biographies & obituaries



  • JONATHAN H. HALE. Jonathan H. Hale is residing at Grantsville and has retired from active business life. He was born at Salt Lake City on the 19th of January, 1854, a son of Aroet Lucius and Olive (Whittle) Hale. The father was born May 18, 1828, at Dover, New Hampshire, and in 1848 came to Utah with the Heber C. Kimball company. He was a drummer boy in the Nauvoo Legion at the time of the martyrdom of Joseph and Hyrum Smith and he served as scout and hunter on the journey to Utah. He first settled at Salt Lake but later removed to Grantsville in Tooele county, and he participated in the Walker Indian war. He was commissioned by Brigham Young on the 10th of June, 1854, a second lieutenant of Company A, Battalion of Life Guards Cavalry of the Great Salt Lake military district. On the 16th of May, 1868, he was commissioned by Governor Durkee adjutant of the Second Battalion Infantry of the Nauvoo Legion in Tooele county. He became paymaster of the Great Salt Lake military district and in company with Dimick B. Huntington he secured the body and papers of Lieutenant Gunnison after the latter was killed by the Indians in southern Utah. He assisted in the settlement of Muddy and Las Vegas, Nevada, and served as a member of the bishopric at the former place. He was later a member of the bishopric at Grants ville and for twenty-four years was a member of the Grantsville high council. He was a patriarch many years and died in 1911. The mother of Jonathan H. Hale was born in Canada, December 9, 1833, and died September 14, 1860.
       Jonathan H. Hale has spent his entire life in Utah and Idaho and has given his attention to farming and cattle raising. He pursued a public school education and throughout his business career has made wise use of his time, talents and opportunities. In 1882 he removed to Idaho from Tooele county, Utah, settling in Gem valley, formerly Gentile valley. There he resided until 1910 and was extensively engaged in farming, cattle raising and ranching and also carried on dairying. His business affairs were characterized by marked industry and determination, and he won a substantial measure of success. He has also been a stockholder and one of the directors of the Bank of Grantsville and is now a stockholder in the Peoples Trading Company. Soon after his return from Idaho he erected a large brick residence in Grantsville and now has one of the attractive modern homes of the city. The house is supplied with artesian water and is equipped with every up-to-date comfort and convenience.
       In 1876 Mr. Hale was united in marriage to Miss Eliza Clegg, a daughter of Benjamin Clegg, who was born in Oldham, Lancashire, England, September 1, 1827, and came to Utah with the Ezra T. Benson company in 1849. Her mother was born in England, August 1, 1813, and died December 12, 1881, in Tooele. Mr. and Mrs. Hale had a family of ten children, of whom two died in infancy. Jonathan Herman, now living in the Gem valley of Idaho, where he is engaged in farming and ranching, married Rosetta Keller, of Mink Creek, Idaho, and they have eight children: Zella, Franklyn, Bessie, Rowetta, Herman, Helen, Jeniel and Everett. Olive Amelia, who died in 1910, was the wife of Elmer Wells, who resides at Oakley, Utah, where he is engaged in ranching. They had two children, Hazel and Bertha. Elizabeth is the wife of Sidney A. Judd, a sheepman and rancher living at Rose View, near Blackfoot, Idaho, and their five children are Annona, Nathan, Reed. Edith and Roma. Frank Benjamin was killed at the age of twenty years, being thrown from a hay derrick. Aroet Lucius died at the age of twenty years, while on a mission in Arkansas. Cora E. married Frederick Mark Cooper, a resident of Gem valley, Idaho, where he is engaged in farming and ranching, and they have two children, Mark A. and Irene. Parley W., a carpenter by trade, living at Burmeister, married Olive Cassidy and they have one child, Donald. Maylon A. is employed by the potash plant at Burmester. He enlisted in the marines October 27, 1918, went to Mare Island, California, and was honorably discharged in March. 1919. Jonathan H. went on a mission to Indiana, covering the years 1897 and 1898. Aroet L. was engaged in missionary work in Arkansas in 1907 and 1908, and Parley W. was on a mission in California in 1913 and 1914.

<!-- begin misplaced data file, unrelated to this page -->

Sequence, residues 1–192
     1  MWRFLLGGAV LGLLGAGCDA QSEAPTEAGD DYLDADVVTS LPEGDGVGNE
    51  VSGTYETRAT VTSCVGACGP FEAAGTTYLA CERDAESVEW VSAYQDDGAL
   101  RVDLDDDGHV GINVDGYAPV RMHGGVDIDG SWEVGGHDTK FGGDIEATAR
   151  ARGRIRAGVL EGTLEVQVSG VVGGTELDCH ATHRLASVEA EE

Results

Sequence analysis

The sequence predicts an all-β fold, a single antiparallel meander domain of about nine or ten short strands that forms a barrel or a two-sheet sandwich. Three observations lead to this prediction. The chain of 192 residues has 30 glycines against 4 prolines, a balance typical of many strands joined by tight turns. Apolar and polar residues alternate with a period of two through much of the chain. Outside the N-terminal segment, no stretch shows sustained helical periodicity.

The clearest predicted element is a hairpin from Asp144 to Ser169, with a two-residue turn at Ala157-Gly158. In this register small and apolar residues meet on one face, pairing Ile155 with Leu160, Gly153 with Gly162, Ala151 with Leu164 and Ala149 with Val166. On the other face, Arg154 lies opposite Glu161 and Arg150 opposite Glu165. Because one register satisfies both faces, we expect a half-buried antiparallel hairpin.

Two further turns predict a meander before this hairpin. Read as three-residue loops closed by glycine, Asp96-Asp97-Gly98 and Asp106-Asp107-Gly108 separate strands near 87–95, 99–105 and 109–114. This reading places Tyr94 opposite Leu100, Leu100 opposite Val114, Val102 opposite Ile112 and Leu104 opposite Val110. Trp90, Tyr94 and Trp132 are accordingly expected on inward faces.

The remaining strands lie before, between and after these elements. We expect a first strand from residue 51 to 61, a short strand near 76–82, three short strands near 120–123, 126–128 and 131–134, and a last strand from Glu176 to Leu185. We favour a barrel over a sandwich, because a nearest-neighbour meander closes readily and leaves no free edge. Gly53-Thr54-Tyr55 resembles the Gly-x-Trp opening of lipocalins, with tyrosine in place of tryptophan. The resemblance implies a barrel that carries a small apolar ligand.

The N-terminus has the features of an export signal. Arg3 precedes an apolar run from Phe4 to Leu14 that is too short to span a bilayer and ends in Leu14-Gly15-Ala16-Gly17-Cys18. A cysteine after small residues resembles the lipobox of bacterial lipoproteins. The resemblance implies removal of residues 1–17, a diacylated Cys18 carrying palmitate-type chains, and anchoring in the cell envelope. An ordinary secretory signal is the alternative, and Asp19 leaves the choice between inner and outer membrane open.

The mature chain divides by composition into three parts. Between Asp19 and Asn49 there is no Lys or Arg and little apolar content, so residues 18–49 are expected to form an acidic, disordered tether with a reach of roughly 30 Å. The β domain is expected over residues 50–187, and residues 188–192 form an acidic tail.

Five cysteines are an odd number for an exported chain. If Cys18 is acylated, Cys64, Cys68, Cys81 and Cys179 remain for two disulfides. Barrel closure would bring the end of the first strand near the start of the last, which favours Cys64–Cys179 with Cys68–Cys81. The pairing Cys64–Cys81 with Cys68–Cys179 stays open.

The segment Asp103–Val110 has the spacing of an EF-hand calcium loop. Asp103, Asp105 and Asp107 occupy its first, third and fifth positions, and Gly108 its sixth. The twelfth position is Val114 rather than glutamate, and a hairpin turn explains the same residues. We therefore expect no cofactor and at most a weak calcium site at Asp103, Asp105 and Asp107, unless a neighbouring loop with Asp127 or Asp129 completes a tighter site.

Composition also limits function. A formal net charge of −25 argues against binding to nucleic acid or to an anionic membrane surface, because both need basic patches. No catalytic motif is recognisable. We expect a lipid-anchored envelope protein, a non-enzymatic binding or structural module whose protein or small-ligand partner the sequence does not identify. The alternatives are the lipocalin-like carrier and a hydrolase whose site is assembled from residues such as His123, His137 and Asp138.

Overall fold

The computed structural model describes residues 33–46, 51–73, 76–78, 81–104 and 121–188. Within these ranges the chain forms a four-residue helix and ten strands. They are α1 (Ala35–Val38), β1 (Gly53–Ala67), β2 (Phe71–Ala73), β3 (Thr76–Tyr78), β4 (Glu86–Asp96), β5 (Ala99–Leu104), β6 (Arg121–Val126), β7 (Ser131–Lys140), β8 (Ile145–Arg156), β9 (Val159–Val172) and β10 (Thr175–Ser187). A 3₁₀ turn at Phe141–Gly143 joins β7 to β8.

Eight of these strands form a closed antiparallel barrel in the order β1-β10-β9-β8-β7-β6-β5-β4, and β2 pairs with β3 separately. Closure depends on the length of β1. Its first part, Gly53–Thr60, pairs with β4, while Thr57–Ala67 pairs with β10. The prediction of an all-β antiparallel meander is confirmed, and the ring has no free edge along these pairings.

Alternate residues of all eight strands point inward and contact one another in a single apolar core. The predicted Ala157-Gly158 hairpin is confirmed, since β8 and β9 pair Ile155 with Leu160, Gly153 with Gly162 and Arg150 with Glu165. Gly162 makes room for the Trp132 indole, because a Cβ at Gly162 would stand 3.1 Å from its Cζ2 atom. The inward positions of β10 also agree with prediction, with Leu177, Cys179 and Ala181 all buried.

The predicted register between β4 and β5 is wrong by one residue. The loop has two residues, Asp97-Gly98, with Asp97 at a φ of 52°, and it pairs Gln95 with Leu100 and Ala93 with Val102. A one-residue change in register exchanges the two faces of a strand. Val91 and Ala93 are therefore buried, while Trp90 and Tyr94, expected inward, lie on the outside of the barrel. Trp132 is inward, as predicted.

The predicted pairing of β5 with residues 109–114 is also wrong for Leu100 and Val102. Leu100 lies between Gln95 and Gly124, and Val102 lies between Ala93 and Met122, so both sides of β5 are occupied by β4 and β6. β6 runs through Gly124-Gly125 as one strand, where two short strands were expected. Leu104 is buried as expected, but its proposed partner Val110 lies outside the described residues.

The family has always been very active in the work of the church and Mrs. Hale served as the first president of the Relief Society in Gem valley, Bannock stake, Bannock county, Idaho, and later was president of the State Relief Society of Idaho until the removal of the family to Grantsville. At the present time she is a member of the state board of the Relief Society of Idaho. Mr. Hale has served as high counselor in Grantsville and also in Idaho. While in the latter state he did much missionary work and there are many who remember his great kindness and helpfulness while he was among the people of that region. He was one of the seven presidents of two different Quorums of Seventy in Bannock stake, Idaho. In 1889 he was on a mission in the southern states and went on a mission with his son to California, during which time he was superintendent of the Sunday school at Ocean Park. In politics he has always been a republican, giving stalwart allegiance to the party and its principles, yet never seeking nor desiring office as a reward for party fealty. His aid and influence, however, are always on the side of progress and improvement and in matters of citizenship he manifests a public-spirited devotion to the general good.
    ~Source: Utah Since Statehood: Historical and Biographical, Volume 2, by Noble Warrum, 1919


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